420 Fifth Avenue has the misfortune to stand at an intersection across from three of the avenue’s best and most unusual buildings. For all that, this 1989 design by Brennan Beer Gorman is a competent essay in the Dallas High PostModern vein, featuring carefully modulated setbacks and lavish marble facing. A small public plaza on… Continue reading
The swan song of Gwathmey Siegel, 400 Fifth Avenue, also known as Langham Place, is so far the best building of the 21st Century on Fifth Avenue. Replacing a collection of Beaux Arts commercial buildings, 400 Fifth Avenue is a rare triumph of PostModernism – a building that neither apes nor mocks the past yet stands… Continue reading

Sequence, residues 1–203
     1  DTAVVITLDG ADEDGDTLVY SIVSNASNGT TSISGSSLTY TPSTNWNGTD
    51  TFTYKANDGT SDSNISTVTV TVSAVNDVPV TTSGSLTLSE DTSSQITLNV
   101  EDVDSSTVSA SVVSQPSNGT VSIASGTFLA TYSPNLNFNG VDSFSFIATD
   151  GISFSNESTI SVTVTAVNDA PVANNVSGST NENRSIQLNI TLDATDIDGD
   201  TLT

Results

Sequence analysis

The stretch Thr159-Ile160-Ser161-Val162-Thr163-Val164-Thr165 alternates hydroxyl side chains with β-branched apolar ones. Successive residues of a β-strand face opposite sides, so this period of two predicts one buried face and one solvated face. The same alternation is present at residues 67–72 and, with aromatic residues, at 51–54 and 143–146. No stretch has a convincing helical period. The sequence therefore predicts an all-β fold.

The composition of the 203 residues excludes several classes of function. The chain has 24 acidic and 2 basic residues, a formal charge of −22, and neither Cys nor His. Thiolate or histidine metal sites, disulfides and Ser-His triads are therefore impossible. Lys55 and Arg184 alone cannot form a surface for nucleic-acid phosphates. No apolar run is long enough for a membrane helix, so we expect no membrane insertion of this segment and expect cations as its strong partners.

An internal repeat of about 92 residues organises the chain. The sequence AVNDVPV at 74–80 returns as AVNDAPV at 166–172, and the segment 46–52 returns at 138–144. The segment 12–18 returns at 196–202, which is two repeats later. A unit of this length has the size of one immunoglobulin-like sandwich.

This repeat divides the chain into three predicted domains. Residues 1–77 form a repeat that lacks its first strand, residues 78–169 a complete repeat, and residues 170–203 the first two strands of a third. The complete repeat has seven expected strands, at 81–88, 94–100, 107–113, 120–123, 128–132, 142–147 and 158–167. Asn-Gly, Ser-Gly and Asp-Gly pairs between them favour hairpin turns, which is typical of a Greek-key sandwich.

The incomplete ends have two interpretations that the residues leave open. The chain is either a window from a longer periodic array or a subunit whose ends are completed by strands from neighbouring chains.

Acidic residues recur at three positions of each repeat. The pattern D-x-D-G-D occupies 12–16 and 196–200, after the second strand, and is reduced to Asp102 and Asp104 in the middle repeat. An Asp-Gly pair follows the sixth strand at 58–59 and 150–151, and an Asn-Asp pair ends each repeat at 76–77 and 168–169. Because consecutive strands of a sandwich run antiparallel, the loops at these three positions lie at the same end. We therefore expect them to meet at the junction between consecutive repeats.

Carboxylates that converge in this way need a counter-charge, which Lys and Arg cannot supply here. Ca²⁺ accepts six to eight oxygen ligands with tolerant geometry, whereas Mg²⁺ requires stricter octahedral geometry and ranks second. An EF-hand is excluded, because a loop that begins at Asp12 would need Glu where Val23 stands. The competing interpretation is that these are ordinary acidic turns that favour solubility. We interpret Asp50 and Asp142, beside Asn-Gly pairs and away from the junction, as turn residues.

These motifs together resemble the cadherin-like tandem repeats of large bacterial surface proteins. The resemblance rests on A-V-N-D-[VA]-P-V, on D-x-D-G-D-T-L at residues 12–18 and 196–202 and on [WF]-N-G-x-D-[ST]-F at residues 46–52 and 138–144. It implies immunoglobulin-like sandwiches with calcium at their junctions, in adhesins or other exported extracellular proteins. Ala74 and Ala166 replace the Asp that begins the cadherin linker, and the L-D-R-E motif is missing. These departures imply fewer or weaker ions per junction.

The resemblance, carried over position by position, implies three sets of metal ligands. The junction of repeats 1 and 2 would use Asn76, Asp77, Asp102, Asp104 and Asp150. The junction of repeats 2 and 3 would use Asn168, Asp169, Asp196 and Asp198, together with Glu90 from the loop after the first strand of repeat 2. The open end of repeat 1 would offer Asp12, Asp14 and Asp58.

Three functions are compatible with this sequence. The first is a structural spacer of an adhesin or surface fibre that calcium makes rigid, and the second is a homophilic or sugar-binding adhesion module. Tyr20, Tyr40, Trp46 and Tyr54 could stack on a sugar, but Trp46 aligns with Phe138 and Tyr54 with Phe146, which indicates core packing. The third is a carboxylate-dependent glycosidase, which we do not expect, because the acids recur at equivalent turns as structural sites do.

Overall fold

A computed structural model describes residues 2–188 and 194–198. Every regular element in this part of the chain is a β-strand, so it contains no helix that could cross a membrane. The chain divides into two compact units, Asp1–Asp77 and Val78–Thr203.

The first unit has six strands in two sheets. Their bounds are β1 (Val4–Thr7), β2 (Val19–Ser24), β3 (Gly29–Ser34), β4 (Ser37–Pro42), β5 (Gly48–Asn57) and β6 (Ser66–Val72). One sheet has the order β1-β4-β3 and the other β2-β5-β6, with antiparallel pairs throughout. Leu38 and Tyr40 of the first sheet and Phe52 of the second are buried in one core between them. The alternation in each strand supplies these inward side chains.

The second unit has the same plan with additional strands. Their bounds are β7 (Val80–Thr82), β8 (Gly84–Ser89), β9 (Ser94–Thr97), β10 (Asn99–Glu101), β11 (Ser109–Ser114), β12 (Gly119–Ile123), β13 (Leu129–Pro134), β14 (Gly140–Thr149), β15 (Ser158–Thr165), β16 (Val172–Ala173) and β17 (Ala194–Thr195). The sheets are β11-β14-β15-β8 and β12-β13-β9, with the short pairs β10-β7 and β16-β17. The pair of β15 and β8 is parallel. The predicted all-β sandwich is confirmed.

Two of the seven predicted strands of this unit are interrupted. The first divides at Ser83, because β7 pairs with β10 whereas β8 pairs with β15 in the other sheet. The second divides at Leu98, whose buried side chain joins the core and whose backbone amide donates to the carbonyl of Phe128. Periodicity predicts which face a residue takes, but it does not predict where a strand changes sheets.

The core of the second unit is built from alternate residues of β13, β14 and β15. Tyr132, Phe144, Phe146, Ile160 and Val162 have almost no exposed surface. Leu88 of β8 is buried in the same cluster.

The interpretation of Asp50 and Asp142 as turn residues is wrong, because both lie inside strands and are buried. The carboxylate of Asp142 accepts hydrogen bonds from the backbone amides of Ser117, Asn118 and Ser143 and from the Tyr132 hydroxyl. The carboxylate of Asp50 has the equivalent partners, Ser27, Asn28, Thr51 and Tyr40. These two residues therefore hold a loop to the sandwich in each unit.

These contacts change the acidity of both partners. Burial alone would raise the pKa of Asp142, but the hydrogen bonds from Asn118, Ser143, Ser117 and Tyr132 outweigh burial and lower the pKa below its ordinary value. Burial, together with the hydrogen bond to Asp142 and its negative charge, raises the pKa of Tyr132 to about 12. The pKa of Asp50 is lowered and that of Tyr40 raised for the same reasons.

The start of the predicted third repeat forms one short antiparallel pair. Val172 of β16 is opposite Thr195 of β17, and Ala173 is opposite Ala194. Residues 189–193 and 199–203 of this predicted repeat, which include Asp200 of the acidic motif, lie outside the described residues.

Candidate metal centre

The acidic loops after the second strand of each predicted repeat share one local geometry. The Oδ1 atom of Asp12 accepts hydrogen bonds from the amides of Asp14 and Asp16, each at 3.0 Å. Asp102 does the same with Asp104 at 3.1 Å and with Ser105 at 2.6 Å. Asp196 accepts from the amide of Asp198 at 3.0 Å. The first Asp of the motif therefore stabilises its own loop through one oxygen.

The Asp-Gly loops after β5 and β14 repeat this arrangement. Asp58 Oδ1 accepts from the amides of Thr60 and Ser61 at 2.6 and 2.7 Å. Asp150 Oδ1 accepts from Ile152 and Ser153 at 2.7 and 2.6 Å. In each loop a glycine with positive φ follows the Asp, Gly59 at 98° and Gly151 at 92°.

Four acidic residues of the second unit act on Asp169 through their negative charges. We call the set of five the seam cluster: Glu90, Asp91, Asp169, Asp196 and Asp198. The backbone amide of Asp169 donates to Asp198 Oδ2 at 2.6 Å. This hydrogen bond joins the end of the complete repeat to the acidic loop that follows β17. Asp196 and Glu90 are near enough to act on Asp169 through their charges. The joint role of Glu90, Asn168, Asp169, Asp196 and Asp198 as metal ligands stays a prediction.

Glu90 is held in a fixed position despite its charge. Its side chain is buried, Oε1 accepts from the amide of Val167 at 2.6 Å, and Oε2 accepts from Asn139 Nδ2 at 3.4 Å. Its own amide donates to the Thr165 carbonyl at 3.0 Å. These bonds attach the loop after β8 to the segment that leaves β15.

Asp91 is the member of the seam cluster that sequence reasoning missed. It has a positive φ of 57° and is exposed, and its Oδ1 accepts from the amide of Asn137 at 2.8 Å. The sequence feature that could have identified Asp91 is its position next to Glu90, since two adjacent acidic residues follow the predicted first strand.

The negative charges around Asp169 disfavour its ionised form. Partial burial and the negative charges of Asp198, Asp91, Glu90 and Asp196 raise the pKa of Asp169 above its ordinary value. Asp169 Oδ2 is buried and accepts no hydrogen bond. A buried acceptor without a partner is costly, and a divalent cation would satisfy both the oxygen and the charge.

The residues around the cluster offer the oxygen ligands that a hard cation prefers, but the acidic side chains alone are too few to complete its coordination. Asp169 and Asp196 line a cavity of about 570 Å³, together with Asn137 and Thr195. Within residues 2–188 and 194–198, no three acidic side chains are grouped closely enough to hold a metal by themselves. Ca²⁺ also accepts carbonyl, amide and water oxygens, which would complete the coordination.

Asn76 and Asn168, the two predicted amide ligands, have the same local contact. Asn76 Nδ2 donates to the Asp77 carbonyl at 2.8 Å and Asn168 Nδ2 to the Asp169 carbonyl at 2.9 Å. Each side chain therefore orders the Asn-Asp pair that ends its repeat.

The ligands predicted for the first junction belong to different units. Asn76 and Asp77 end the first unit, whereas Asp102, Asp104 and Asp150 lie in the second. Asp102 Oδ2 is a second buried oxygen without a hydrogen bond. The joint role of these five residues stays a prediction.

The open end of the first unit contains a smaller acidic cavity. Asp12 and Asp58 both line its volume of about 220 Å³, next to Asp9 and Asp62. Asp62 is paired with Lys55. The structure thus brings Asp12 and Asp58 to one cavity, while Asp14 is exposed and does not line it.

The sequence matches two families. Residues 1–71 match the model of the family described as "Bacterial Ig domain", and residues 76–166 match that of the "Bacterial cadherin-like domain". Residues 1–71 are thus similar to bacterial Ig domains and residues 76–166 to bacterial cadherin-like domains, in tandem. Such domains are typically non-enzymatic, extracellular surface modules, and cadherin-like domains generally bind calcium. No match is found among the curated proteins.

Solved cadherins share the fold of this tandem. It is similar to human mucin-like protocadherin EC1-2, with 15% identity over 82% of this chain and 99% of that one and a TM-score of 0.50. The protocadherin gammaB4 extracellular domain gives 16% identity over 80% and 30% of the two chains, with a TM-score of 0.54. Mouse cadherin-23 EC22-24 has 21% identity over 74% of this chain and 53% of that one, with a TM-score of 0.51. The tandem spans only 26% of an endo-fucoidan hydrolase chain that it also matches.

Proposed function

It’s probably too soon to come to a final opinion about 304 Fifth Avenue (seen here during an early stage of construction), although its 1983-PoMo vibe is not entirely encouraging. We’ll take another look when the last scaffolding is down. The site was previously home to a unique example of a mural-decorated façade with an… Continue reading
In contrast to its neighbor at 222 Fifth, 224 Fifth Avenue is a crass Po-Mo disaster, resembling the tiled interior of an airport lounge men’s room turned inside out.
Another conversion from a brownstone, 138 Fifth Avenue has a pleasant late Post-WWII stucco façade and details that suggest the Craftsman movement. The wooden window frames are an unusual feature. The original house was constructed in the 1840s and first converted for commercial use in 1886. The modillioned roof cornice may date from a further… Continue reading